To extend our analysis of neuronal protection, we also examined cell death in mice 7 days after operation with MCAO by staining the brain sections with FJ (Figure 2C). In this study, mice were treated with Tat-p53DM 3 or 6 hours after MCAO operation. We found that in both conditions, Tat-p53DM profoundly reduced the number of degenerated cells in the vulnerable brain regions including the striatum and the cortex. The reduction of FJ labeling was of a similar magnitude to the reduction of the brain infarction (n=9; ANOVA, P<0.05; Figure 2D). Thus, a delayed administration of Tat-p53DM has the capability to protect against stroke damages.
Tat-p53DM Is Therapeutically Effective Against Stroke
We next performed behavioral analysis throughout the 4-week observation period (Figure 3A) after MCAO operation using a modified neurological scoring (7 points) system that is analogous to the National Institutes of Health Stroke Rating Method used in clinic stroke trials.2 A score of 7 points represents severe bilateral neurological deficits, and 0 is normal. Animals treated with 1 mg/kg body weight of Tat-p53DM showed a better neurological score throughout the 4-week observation period from 24 hours to 4 weeks after the Tat-p53DM treatment (n=11; ANOVA, P<0.05; Figure 3B) and revealed a complete recovery of motor coordination (n=11, Mann–Whitney U test, P<0.05; Figure 3C and 3D). Thus, a delayed administration improves overall neurological functions.
In the present study, we have demonstrated that Tat-p53DM specifically blocks a delayed cellular signaling downstream of DAPK1. These include a translocation of p53 protein into the nucleus and expression of p53 proapoptotic genes such as Bax and Puma, as well as accumulation of a cleaved version of caspase-3.3 We have validated the therapeutic effects of Tat-p53DM in vivo in mouse models and shown that Tat-p53DM had an extended efficacy with a remarkable long time window (>6 hours) for the treatments of stroke. Thus, Tat-p53DM can be considered a promising therapeutics for stroke.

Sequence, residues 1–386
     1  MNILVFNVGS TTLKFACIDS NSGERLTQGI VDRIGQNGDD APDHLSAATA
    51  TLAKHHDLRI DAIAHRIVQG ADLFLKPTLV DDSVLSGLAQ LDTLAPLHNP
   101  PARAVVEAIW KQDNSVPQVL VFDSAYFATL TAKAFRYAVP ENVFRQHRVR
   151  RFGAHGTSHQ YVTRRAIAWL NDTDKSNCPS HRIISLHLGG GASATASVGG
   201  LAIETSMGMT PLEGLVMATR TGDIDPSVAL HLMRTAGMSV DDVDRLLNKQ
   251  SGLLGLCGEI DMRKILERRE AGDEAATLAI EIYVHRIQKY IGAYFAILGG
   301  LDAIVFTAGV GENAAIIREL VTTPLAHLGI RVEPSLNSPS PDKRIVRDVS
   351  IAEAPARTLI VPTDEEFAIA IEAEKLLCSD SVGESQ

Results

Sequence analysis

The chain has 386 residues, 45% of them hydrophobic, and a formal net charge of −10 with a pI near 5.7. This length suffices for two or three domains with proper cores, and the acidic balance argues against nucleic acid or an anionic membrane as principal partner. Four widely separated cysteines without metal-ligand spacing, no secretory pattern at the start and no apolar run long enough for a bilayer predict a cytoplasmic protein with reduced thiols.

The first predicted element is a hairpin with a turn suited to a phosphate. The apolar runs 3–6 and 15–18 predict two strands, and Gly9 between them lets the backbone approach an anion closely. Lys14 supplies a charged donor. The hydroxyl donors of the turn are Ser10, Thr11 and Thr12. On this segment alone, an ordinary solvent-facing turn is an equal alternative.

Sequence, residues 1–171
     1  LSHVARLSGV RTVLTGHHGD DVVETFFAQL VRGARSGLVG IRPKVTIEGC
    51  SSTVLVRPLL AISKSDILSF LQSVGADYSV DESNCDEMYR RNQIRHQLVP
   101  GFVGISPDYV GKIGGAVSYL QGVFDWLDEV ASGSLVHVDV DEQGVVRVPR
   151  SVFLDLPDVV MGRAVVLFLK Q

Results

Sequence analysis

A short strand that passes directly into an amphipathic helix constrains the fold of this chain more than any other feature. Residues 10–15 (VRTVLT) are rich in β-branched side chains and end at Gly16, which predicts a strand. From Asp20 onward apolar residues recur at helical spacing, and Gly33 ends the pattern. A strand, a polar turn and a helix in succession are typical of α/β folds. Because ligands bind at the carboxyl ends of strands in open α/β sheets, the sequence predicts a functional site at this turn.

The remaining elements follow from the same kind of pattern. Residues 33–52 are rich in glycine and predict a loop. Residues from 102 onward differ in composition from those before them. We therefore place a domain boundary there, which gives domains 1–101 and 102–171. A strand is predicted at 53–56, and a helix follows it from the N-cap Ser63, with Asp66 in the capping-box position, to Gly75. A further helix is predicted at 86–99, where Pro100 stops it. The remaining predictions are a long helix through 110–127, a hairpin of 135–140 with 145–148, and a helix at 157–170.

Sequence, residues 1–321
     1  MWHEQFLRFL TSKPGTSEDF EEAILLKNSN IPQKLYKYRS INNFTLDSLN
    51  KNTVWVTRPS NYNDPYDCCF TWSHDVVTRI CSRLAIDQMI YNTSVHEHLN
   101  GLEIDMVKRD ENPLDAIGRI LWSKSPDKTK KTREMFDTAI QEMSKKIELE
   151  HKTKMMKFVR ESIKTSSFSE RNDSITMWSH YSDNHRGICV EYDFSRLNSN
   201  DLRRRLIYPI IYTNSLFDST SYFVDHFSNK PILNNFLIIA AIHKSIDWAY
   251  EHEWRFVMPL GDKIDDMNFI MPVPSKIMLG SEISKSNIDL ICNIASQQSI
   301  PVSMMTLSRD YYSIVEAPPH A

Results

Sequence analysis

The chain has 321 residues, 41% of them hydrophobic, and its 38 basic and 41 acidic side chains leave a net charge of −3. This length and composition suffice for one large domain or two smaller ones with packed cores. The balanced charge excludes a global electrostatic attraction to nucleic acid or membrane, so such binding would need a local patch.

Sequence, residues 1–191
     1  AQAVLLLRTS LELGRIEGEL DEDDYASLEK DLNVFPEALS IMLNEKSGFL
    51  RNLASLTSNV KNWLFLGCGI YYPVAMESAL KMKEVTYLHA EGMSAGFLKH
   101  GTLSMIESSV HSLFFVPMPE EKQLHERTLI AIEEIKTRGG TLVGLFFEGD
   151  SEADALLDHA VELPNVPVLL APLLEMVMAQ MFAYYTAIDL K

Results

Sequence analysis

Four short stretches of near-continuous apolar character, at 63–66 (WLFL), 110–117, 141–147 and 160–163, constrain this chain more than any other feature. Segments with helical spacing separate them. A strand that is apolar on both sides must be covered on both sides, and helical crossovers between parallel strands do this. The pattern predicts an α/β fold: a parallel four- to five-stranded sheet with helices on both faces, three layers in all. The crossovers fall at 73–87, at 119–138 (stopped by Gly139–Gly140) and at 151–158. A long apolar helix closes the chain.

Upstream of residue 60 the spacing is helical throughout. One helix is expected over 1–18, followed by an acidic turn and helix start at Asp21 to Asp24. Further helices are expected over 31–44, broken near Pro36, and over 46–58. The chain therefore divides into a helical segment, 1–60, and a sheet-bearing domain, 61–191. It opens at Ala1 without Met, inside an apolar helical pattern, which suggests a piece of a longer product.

We thank Weihong Tu, Huijuan Jin, Ruojian Wen, Kunpeng Zhao, Chengye Yao, and Lingqiang Zhu for their technical assistance.
Sources of Funding
This work was supported by National Natural Science Foundation of China (Grants: 81130079 to Dr Lu, 91232302 to Dr Lu, and 81260211 to Dr Wang) and China Postdoctoral Science Foundation (2013M540583 to Dr Pei).
The online-only Data Supplement is available with this article at http://stroke.ahajournals.org/lookup/suppl/doi:10.1161/STROKEAHA.114.006348/-/DC1.
- Received June 5, 2014.
- Revision received July 17, 2014.
- Accepted July 28, 2014.
- © 2014 American Heart Association, Inc.